Tuesday, February 27, 2007

Minerals and rocks

A mineral is a obviously occurring, inorganic solid with a definite chemical composition and a crystalline structure. A rock is an collective of one or more minerals. (A rock may also include organic remains and mineraloids.) Some rocks are mostly composed of just one mineral. For example, limestone is a sedimentary rock composed almost wholly of the mineral calcite. Other rocks have many minerals, and the specific minerals in a rock can vary widely. Some minerals, like quartz, mica or feldspar are general, while others have been found in only one or two locations worldwide. The vast majority of the rocks of the Earth's crust consist of quartz, feldspar, mica, chlorite, kaolin, calcite, epidote, olivine, augite, hornblende, magnetite, hematite, limonite and a few other minerals.Over half of the mineral species identified are so rare that they have only been found in a handful of samples, and many are known from only one or two small grains.
Commercially costly minerals and rocks are referred to as industrial minerals. Rocks from which minerals are mined for economic purposes are referred to as ores (the rocks and minerals that remain, after the desired mineral has been separated from the ore, are referred to as tailings).

Thursday, February 22, 2007

Acid rain

Acid rain occurs when sulphur dioxide and nitrogen oxides are emitted into the atmosphere, undergo chemical transformations and are absorbed by water droplets in clouds. The droplets then fall to earth as rain, snow, mist, dry dust, hail, or sleet. This can add to the acidity of the soil, and affect the element balance of lakes and streams.The term "acid rain" is sometimes used more usually to include all forms of acid deposition - both wet deposition, where acidic gases and particles are removed by rain or other precipitation, and dry deposition removal of gases and particles to the Earth's surface in the absence of precipitation. Acid rain is defined as any type of precipitation with a pH that is abnormally low. Dissolved carbon dioxide dissociates to form weak carbonic acid giving a pH of approximately 5.6 at typical atmospheric concentrations of CO2. Therefore a pH of less than 5.6 has every so often been used as a definition of acid rain. However, natural sources of acidity mean that in remote areas, rain has a pH which is between 4.5 and 5.6 with an average value of 5.0 and so rain with a pH of less than 5 is a more appropriate definition. The US EPA says, "Acid rain is a serious environmental problem that affects large parts of the US and Canada" Acid rain accelerates weathering in carbonate rocks and accelerates building weathering. It also contributes to acidification of rivers, streams, and forest damage at high elevations. When the acid builds up in rivers and streams it can kill fish.

Sunday, February 18, 2007


Historiography has a number of associated meanings. It can refer to the history of historical learning, its methodology and practices (the history of history). It can also refer to a particular body of historical writing (for example, "medieval historiography during the 1960s" means "medieval history written during the 1960s"). Historiography can also be in use to mean historical theory or the study of past writing and memory. As a meta-level analysis of descriptions of the past, this third conception can relate to the first two in that the analysis usually focuses on the narratives, interpretations, worldview, use of evidence, or method of presentation of other historians.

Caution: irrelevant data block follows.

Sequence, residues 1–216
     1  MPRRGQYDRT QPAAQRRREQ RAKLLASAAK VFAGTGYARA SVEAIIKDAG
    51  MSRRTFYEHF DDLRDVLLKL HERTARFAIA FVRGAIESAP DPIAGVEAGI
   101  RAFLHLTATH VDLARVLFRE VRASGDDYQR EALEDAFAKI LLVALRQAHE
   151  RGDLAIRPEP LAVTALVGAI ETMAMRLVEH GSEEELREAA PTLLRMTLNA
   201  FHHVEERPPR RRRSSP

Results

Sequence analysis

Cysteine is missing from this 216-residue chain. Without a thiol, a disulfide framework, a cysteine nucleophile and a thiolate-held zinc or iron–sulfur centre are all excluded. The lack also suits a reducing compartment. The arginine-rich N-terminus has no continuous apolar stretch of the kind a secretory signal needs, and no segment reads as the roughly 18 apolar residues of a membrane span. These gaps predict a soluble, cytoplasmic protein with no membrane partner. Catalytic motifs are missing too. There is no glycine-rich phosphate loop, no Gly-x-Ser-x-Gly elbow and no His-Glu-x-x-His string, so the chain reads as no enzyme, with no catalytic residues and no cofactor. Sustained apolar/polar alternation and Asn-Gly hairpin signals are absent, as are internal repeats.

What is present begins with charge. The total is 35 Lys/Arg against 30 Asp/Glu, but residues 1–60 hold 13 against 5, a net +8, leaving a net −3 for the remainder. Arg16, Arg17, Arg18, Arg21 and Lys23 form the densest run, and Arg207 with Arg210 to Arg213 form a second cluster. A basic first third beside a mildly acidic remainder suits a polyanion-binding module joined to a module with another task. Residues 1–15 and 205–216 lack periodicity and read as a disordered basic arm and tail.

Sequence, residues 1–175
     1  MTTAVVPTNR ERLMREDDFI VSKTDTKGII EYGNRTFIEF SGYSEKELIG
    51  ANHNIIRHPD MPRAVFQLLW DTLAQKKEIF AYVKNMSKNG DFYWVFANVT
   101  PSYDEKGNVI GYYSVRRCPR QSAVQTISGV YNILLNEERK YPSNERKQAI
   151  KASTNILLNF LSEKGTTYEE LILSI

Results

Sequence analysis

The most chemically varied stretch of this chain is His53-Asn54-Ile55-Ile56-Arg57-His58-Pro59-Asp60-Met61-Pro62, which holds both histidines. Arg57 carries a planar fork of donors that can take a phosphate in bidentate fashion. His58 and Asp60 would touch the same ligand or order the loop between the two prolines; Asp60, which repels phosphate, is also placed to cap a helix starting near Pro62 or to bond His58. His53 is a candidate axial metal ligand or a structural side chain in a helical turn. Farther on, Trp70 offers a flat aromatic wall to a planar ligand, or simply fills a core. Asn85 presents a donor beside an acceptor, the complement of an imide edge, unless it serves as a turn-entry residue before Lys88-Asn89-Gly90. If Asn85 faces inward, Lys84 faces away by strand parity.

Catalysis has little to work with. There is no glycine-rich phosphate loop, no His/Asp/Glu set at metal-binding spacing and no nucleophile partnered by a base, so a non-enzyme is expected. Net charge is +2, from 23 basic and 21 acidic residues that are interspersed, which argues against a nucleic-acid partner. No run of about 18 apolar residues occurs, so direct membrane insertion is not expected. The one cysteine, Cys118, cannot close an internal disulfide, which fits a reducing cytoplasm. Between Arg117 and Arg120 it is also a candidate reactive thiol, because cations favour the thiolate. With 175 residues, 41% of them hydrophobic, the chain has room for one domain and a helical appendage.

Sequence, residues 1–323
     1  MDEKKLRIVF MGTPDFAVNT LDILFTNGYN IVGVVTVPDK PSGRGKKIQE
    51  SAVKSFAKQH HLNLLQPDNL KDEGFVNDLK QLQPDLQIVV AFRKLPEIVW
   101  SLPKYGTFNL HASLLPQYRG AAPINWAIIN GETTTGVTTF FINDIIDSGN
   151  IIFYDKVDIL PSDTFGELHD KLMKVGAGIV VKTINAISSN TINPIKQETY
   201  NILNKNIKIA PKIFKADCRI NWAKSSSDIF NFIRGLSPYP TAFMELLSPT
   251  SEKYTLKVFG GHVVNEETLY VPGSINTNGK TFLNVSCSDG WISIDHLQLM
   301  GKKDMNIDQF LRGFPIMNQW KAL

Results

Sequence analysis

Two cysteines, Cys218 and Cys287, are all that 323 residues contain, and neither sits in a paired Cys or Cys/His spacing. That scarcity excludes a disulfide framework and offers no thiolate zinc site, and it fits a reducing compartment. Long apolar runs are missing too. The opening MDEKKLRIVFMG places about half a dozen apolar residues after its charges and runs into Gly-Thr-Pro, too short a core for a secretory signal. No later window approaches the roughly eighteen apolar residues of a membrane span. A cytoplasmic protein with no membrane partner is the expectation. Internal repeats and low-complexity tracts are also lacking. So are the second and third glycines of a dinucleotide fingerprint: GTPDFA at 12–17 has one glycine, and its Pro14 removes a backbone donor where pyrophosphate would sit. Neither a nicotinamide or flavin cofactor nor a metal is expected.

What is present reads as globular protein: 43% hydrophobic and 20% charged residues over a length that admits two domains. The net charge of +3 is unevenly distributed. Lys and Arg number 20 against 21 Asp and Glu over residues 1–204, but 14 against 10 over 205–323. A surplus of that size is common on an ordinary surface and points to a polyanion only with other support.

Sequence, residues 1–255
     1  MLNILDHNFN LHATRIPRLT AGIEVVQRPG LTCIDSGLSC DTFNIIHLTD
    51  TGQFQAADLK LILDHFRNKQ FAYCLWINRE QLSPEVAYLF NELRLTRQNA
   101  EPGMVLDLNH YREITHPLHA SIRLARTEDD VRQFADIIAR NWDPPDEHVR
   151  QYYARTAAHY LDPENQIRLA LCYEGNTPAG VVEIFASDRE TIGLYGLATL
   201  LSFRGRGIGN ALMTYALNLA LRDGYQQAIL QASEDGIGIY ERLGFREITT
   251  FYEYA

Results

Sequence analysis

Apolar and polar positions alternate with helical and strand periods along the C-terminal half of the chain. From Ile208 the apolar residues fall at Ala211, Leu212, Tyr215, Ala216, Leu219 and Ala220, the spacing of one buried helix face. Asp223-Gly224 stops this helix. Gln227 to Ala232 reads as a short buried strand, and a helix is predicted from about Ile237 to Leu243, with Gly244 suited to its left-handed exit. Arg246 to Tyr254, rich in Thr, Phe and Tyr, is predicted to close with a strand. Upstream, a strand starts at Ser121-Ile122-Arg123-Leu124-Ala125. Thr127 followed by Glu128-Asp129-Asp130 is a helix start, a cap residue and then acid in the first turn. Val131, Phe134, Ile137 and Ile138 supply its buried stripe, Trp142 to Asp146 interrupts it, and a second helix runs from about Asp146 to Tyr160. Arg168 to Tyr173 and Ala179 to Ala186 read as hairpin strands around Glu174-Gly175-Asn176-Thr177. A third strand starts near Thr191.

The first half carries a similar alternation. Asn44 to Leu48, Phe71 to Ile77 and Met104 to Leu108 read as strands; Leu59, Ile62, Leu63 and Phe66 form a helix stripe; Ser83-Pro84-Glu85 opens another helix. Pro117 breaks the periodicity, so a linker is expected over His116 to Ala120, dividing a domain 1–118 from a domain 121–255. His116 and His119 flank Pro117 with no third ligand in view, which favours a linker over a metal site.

Sunday, February 11, 2007


Gardening is the art of growing plants with the aim of crafting a purposeful landscape. Residential gardening most often takes place in or about a residence, in a space referred to as the garden. Although a garden naturally is located on the land near a residence, it may also be located in a roof, in an entrance, on a balcony, in a windowbox, or on a yard.
Gardening also takes place in non-residential green areas, such as parks, public or semi-public gardens (botanical gardens or zoological gardens), pleasure and theme parks, along transportation corridors, and around tourist attractions and hotels. In these situations, a staff of gardeners or groundskeepers maintains the gardens.
Indoor gardening is concerned with the increasing of houseplants within a residence or building, in a conservatory, or in a greenhouse. Indoor gardens are sometimes included as part of air conditioning or heating systems.
Water gardening is concerned with growing plants adapted to pools and ponds. Bog gardens are also considered a type of water garden. These all require extraordinary conditions and considerations. A simple water garden may consist simply of a tub containing the water and plant(s).
Container gardening is concerned with growing plants in any type of container either indoors or outdoors. Common containers are pots, hanging baskets, and planters. Container gardening is usually used in atriums and on balconies, patios, and roof tops.

Monday, February 05, 2007

Public transport

Public transport, public transportation, public travel or mass transit comprises all transport systems in which the passengers do not tour in their own vehicles. While it is generally taken to include rail and bus services, wider definitions would comprise scheduled airline services, ship, taxicab services etc. – any system that transports members of the universal public. A further restriction that is sometimes practical is that it must take place in shared vehicles that would bar taxis that are not shared-ride taxis.